Algorithms for the shortest and closest lattice vector problems
 In Yeow Meng Chee, Zhenbo Guo, San Ling, Fengjing Shao, Yuansheng Tang, Huaxiong Wang, and Chaoping Xing, editors, IWCC, volume 6639 of Lecture Notes in Computer Science
"... Abstract. We present the state of the art solvers of the Shortest and Closest Lattice Vector Problems in the Euclidean norm. We recall the three main families of algorithms for these problems, namely the algorithm by Micciancio and Voulgaris based on the Voronoi cell [STOC’10], the MonteCarlo algor ..."
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Cited by 9 (0 self)
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Abstract. We present the state of the art solvers of the Shortest and Closest Lattice Vector Problems in the Euclidean norm. We recall the three main families of algorithms for these problems, namely the algorithm by Micciancio and Voulgaris based on the Voronoi cell [STOC’10], the MonteCarlo algorithms derived from the Ajtai, Kumar and Sivakumar algorithm [STOC’01] and the enumeration algorithms originally elaborated by Kannan [STOC’83] and Fincke and Pohst [EUROCAL’83]. We concentrate on the theoretical worstcase complexity bounds, but also consider some practical facets of these algorithms. 1
Analyzing Blockwise Lattice Algorithms using Dynamical Systems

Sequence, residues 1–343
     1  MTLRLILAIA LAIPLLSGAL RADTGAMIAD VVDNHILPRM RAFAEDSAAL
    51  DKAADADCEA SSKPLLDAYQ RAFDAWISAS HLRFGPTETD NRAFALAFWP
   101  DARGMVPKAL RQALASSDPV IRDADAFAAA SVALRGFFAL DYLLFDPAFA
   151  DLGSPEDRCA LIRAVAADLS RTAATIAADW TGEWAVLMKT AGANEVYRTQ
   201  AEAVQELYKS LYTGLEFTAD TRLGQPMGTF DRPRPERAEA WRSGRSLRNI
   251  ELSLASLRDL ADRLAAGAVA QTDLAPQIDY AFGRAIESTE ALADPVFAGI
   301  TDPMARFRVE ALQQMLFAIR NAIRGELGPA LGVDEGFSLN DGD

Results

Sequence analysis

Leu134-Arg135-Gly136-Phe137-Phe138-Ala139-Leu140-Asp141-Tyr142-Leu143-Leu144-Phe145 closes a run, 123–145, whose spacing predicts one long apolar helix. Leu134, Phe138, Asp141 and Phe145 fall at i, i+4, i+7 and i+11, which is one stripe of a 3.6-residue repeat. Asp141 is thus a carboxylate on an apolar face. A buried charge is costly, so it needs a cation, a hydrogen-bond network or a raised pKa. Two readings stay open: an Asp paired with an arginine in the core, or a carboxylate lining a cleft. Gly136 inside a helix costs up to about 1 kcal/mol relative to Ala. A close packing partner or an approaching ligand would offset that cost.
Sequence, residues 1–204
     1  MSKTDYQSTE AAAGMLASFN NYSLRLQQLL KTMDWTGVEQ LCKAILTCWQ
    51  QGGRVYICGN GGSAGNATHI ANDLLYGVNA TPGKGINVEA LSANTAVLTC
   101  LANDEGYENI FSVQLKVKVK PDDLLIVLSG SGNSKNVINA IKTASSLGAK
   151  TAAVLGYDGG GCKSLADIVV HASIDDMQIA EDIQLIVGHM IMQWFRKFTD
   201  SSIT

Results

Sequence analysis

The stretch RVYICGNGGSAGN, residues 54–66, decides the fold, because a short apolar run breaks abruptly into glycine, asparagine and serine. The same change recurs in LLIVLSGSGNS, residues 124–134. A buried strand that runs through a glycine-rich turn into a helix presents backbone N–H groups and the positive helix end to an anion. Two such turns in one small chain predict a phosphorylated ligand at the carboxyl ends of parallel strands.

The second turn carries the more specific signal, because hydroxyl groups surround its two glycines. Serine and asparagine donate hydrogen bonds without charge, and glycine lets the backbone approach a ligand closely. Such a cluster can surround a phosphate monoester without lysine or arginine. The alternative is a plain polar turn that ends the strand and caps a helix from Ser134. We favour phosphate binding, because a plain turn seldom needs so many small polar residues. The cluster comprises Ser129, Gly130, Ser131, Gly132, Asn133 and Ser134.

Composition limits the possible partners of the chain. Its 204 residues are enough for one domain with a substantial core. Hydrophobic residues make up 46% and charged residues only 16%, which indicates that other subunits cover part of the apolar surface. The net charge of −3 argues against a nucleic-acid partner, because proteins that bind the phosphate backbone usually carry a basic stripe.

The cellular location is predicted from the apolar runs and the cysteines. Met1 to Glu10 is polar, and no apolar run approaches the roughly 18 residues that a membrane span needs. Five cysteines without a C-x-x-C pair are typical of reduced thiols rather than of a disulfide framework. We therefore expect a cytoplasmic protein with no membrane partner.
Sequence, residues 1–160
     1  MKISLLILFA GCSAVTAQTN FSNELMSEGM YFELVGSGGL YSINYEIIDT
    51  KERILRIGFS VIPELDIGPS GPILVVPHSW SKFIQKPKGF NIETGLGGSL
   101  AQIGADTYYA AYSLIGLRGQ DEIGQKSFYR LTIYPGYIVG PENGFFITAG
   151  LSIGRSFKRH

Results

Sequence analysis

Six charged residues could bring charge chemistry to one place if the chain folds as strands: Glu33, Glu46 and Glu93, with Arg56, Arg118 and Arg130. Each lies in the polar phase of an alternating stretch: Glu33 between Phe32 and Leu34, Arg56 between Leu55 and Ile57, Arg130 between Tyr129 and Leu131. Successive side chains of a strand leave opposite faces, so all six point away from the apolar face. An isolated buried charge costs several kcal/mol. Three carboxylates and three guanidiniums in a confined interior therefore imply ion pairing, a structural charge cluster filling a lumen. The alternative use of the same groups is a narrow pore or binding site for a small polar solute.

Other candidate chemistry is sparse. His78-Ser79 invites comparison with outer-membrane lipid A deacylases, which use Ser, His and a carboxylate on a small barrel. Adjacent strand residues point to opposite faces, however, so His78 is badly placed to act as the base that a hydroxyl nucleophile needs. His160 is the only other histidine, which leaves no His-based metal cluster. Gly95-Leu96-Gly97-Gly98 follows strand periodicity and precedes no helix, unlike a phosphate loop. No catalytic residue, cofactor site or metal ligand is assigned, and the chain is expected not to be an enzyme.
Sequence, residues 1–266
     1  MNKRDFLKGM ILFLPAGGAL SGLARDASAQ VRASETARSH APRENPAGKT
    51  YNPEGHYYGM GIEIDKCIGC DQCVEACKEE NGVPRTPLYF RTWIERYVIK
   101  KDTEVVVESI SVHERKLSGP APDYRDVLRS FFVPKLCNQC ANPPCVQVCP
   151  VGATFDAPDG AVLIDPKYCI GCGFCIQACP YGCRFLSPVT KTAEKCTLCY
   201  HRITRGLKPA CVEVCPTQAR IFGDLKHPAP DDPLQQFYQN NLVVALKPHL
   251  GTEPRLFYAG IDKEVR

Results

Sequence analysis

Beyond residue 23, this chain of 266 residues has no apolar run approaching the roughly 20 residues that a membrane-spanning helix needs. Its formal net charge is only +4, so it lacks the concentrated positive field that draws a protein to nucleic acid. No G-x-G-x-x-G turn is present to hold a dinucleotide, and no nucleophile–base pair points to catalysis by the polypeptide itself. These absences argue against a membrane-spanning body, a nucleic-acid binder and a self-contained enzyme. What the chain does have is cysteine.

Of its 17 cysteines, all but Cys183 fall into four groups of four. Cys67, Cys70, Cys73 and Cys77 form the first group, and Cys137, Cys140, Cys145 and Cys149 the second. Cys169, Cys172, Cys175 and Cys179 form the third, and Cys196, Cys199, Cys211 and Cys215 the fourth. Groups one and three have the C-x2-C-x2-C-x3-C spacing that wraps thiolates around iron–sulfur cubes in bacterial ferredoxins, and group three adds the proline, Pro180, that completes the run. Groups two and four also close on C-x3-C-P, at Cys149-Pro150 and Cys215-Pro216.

Proc. 31th Cryptology Conference (CRYPTO
, 2011
"... n−1 Abstract. Strong lattice reduction is the key element for most attacks against latticebased cryptosystems. Between the strongest but impractical HKZ reduction and the weak but fast LLL reduction, there have been several attempts to find efficient tradeoffs. Among them, the BKZ algorithm introd ..."
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Cited by 7 (1 self)
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n−1 Abstract. Strong lattice reduction is the key element for most attacks against latticebased cryptosystems. Between the strongest but impractical HKZ reduction and the weak but fast LLL reduction, there have been several attempts to find efficient tradeoffs. Among them, the BKZ algorithm introduced by Schnorr and Euchner [FCT’91] seems to achieve the best time/quality compromise in practice. However, no reasonable complexity upper bound is known for BKZ, and Gama and Nguyen [Eurocrypt’08] observed experimentally that its practical runtime seems to grow exponentially with the lattice dimension. In this work, we show that BKZ can be terminated long before its completion, while still providing bases of excellent quality. More precisely, we show that if given as inputs a basis (bi)i≤n ∈ Q n×n “ of a lattice L and a blocksize β, and if terminated after
The Learning with Errors Problem
"... In this survey we describe the Learning with Errors (LWE) problem, discuss its properties, its hardness, and its cryptographic applications. 1 ..."
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Cited by 5 (0 self)
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In this survey we describe the Learning with Errors (LWE) problem, discuss its properties, its hardness, and its cryptographic applications. 1